The Virus That Wouldn’t Go Away

The coronavirus continues to rage through Ohio, as it is in other states. The Buckeye State has experienced a significant spike in cases, but it is not alone; cases seem to be on the rise everywhere, causing all kinds of cancellations and maximizing the uncertainty we’ve all been dealing with during 2020. If you were looking forward to watching the Ohio State-Maryland football game on Saturday afternoon, for example, you’d better make new plans: the game has been cancelled due to a spike in positive COVID tests in the Maryland program.

Ohio’s Governor Mike DeWine addressed the latest coronavirus developments yesterday. He said that, thanks to the increase in cases, we are at a new, “crucial phase” in the pandemic — the latest “crucial phase” in a year full of “crucial phases” — and detailed some changes in the Ohio mask-wearing rules to address apparent slippage in mask-wearing by some businesses and the general public. He announced that he will be issuing orders that public gatherings must be limited to 10 people or less, that “open congregate” areas at weddings and funerals must be closed, and that dancing and playing games will be banned. And he added that, if the current trend lines continue, in a week he may need to order the closure of fitness centers, restaurants, and bars — again.

The Governor recognized that people are tired of all of this, and many are discouraged. He urged people who have relaxed their approach to coronavirus prevention to get “back to the basics” of vigorous hand-washing and mask-wearing. (In our little corner of Columbus, I haven’t noticed any slippage in mask-wearing and social distancing among people who are out and about, nor in our Friday night visits to restaurants over the past few weeks.)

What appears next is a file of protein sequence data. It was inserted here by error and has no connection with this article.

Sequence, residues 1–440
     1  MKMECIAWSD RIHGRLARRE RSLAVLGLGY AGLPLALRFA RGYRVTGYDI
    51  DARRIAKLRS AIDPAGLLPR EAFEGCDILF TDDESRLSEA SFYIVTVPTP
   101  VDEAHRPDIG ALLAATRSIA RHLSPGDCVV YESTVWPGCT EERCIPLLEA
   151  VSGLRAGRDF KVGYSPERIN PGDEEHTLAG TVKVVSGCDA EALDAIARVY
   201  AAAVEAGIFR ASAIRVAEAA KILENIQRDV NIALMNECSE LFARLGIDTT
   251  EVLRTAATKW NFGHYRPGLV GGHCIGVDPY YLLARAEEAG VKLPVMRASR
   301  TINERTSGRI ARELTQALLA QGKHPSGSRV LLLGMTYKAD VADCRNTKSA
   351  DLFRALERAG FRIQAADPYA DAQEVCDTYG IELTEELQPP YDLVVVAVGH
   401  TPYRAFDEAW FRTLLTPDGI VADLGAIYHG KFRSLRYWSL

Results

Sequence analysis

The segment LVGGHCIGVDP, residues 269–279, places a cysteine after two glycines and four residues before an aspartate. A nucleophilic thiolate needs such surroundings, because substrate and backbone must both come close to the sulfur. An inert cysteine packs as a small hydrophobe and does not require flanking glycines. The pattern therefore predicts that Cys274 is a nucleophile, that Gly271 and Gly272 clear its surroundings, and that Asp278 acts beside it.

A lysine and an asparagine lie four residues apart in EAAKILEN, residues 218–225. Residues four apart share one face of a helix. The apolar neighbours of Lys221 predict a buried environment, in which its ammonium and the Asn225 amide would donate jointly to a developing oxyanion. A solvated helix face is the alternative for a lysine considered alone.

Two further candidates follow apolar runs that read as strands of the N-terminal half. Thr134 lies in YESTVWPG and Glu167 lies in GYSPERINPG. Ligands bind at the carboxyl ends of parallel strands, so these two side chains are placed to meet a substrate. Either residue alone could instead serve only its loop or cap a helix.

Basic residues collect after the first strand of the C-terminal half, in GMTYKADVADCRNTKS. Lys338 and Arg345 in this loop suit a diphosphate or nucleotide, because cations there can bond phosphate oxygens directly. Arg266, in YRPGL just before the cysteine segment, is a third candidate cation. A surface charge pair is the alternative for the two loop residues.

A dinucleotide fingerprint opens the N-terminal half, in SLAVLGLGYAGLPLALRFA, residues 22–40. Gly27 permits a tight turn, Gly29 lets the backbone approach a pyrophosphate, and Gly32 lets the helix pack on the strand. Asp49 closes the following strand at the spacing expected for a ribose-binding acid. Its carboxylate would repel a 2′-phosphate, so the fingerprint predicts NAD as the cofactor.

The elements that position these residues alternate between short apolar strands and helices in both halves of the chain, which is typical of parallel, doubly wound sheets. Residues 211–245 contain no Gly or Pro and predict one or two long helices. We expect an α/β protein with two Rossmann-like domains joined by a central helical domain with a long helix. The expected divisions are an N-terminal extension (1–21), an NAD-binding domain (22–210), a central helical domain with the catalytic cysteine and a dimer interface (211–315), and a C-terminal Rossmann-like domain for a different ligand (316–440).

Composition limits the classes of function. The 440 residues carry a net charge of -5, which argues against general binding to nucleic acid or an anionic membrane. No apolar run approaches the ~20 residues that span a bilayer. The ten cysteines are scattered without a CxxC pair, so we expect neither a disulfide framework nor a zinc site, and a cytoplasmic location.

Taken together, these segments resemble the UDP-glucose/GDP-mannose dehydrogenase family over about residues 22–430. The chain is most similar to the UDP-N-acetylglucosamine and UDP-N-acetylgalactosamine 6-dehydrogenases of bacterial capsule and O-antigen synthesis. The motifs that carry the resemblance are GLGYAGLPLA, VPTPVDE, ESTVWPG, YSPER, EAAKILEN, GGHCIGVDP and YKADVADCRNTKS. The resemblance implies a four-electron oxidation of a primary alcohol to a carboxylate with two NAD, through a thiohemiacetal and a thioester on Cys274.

Let’s face it: whether we’ve tested positive for COVID-19 or not, we’ve all got a serious case of coronavirus fatigue. The virus won’t go away, we’ve lurched from one “crucial phase” to another, and the efforts we’ve taken haven’t prevented additional spikes in positive tests. There’s a nagging sense that we’re all going to have to live with these conditions for the foreseeable future — and that’s where the possibility of another bar and restaurant closure order becomes so dispiriting. Much as I think our home cooking has improved, and much as we have adhered to social distancing and remote work concepts, it’s nice to have the option of going to a restaurant, experiencing a change of scenery, and eating food that you haven’t cooked yourself as a kind of safety valve to break up the monotonous sameness.

Perhaps we’ll get a vaccine that changes this grim paradigm, or perhaps it will end when so many people get infected that we reach the “herd immunity” point that some public health experts talk about. Until then, the big challenge is to keep going, accept the uncertainty, and recognize that, one way or another, this bleak period is going to end at some unknown point in the future. It’s not a very encouraging message, but sometimes that how the real world works.

Reopening . . . One Step At A Time (Cont.)

A sense of palpable excitement swept through Ohio yesterday, like a fresh, warm May breeze carrying the scent of lilac trees and spring flowers.  Continuing with its gradual approach to reopening the state’s economy after a prolonged shutdown, the DeWine Administration announced the next step in the process:  allowing hair salons, nail salons, barber shops, and bars and restaurants to begin to service customers once more.